A year ago a group of people in my library was charged with developing a digital resources plan to provide a vision and a structure for how we collect and manage locally created and/or hosted digital resources. I chaired the group and it included people from my area (Resource Description and Digital Initiatives), Special Collections and Archives, the Marion E. Wade Center, and the Billy Graham Center Archives. The latter two groups are organizationally separate from the library although all of us report to the same person, who holds a dean-level position.
For various reasons, the group’s efforts were delayed. Work to address its charge didn’t begin until about six months ago, and a final report was delivered a few weeks ago. Representatives from the two other archival repositories at the college (the Wade Center and BGC Archives) joined our discussions part-way through. As a result, our considerations expanded and we developed a more collaborative, shared understanding of what needs to be done. This was one of the more positive outcomes of the group’s efforts.
Even though we have worked with digital resources for a long time, we need to progress more quickly to better manage existing digital collections and to create new ones. For example, some of our existing systems are not interoperable, require significant effort to support, and whose use, while shared among the three different organizations, is not well understood. Thus the need for a plan to provide a vision and a structure for achieving that vision, one that includes all archival repositories plus the library. Our hope is that with a plan in place, we can start putting together all of the pieces to make strong progress.
One of the more challenging yet important tasks is articulating a vision. Why do we care about digital resources anyway? Are they more or less important than their analog counterparts? Why should we invest so much to enable their creation and accessibility, since it may come at the expense of doing something else? What is our commitment to long term preservation of locally created and/or hosted digital resources? These are hard questions to answer but answers are needed when we consider things like staffing realignment, dedicated budget for digitization, long term preservation of digital objects, and possibly investing in improved systems for managing them.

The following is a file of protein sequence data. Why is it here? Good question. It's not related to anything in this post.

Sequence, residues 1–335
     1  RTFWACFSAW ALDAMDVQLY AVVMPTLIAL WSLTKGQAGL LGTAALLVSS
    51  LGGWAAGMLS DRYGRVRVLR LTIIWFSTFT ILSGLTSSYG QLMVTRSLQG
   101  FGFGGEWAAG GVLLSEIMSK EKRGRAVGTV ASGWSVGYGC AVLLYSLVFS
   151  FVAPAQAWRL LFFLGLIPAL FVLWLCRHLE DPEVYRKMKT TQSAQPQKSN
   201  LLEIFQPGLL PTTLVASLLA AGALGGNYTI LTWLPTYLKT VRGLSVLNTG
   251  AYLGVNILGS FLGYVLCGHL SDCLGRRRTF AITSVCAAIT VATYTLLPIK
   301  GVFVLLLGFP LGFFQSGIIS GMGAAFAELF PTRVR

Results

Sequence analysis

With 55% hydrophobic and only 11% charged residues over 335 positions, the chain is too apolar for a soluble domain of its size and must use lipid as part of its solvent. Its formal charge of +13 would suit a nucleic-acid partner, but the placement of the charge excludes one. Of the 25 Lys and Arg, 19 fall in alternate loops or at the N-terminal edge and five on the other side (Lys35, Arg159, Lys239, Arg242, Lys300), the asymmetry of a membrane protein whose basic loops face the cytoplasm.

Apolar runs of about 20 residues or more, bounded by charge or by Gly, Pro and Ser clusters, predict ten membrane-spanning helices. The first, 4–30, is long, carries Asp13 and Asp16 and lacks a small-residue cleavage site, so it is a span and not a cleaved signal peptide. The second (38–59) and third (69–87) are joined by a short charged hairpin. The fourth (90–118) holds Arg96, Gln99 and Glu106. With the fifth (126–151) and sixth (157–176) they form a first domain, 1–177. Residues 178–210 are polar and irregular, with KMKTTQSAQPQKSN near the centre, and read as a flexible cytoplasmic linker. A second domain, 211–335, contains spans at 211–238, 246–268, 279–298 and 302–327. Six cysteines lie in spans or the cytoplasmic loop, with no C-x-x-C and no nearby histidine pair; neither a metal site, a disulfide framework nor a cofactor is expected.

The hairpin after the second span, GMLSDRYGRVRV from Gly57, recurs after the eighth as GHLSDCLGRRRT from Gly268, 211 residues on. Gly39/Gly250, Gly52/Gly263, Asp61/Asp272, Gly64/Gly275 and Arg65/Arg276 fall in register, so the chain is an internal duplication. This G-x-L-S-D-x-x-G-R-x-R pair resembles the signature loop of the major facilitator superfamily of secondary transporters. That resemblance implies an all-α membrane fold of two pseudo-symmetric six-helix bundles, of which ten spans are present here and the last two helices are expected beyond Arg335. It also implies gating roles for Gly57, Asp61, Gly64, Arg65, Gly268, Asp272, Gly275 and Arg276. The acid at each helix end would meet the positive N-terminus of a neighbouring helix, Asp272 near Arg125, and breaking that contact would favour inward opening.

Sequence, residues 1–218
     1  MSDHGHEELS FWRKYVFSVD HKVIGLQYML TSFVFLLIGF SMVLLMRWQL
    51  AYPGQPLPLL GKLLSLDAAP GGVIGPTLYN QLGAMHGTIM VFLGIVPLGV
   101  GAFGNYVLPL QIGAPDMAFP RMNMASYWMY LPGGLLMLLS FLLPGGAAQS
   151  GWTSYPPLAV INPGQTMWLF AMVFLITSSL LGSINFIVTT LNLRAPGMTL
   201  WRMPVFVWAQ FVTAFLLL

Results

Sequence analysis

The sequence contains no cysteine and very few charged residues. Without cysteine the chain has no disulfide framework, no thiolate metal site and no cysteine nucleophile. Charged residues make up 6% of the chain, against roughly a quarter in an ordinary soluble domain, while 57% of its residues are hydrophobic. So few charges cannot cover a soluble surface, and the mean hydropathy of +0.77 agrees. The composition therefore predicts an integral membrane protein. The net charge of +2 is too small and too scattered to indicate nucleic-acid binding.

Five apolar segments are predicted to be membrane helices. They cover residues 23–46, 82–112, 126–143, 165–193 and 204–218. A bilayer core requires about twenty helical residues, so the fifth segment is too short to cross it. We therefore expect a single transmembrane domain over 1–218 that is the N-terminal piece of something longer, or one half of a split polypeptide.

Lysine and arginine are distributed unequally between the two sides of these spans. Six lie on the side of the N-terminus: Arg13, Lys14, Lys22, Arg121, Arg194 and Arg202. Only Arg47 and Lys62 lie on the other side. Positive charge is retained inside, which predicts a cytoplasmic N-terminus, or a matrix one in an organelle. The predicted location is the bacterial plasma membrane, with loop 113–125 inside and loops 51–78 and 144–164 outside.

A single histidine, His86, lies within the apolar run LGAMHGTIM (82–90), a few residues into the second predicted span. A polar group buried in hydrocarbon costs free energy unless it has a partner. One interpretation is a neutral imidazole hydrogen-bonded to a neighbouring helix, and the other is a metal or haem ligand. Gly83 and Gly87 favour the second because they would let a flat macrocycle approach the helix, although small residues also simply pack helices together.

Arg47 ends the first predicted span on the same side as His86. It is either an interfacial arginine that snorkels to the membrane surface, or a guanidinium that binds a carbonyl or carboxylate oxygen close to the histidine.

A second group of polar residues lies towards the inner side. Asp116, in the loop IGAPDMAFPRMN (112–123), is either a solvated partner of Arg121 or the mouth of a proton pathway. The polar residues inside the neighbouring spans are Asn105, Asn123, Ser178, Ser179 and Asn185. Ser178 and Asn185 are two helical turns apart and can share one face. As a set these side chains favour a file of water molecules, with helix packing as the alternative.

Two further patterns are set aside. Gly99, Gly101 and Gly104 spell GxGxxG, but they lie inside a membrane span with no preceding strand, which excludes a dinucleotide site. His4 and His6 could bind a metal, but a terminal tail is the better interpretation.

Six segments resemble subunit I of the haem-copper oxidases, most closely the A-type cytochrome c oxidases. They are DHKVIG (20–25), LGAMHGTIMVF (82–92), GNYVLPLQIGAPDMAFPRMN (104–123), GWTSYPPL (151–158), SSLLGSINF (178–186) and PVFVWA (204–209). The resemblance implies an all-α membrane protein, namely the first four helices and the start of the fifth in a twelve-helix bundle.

In essence, our vision is to highlight and share the riches of Wheaton College’s unique archival and special collections material online; to do so in a way that values and integrates analog resources along with digital; to better support the work of researchers everywhere who would benefit from our collections; and to contribute new scholarly content in areas of particular interest to the college.
The plan contains five parts: an inventory of existing systems and services; a discussion of key challenges; best practices learned from elsewhere; recommendations; and a suggested timeline for implementation of recommendations. It also has two appendices; one for outlining various metadata schemas we wish to refer to, and one containing a list of resources consulted in our deliberations.
What happens next is not yet clear. The plan itself is still under review and is not yet widely distributed.
However, once the plan has been reviewed and approved, our hope is to begin work in the first part of the new fiscal year to address and implement the plan’s recommendations. Probably the most pressing need is to decide on what systems and infrastructure we need, and to move forward with putting them in place. This may mean giving up on some legacy systems in favor of different systems altogether, or selecting and implementing newer versions that are more functional, more efficient to use and maintain, and whose use is more coordinated. For example, we hope to retire our instance of Archon in favor of ArchivesSpace.
The process we have followed to develop this plan has been an interesting and, I think, worthwhile investment in an area that is of significant strategic importance.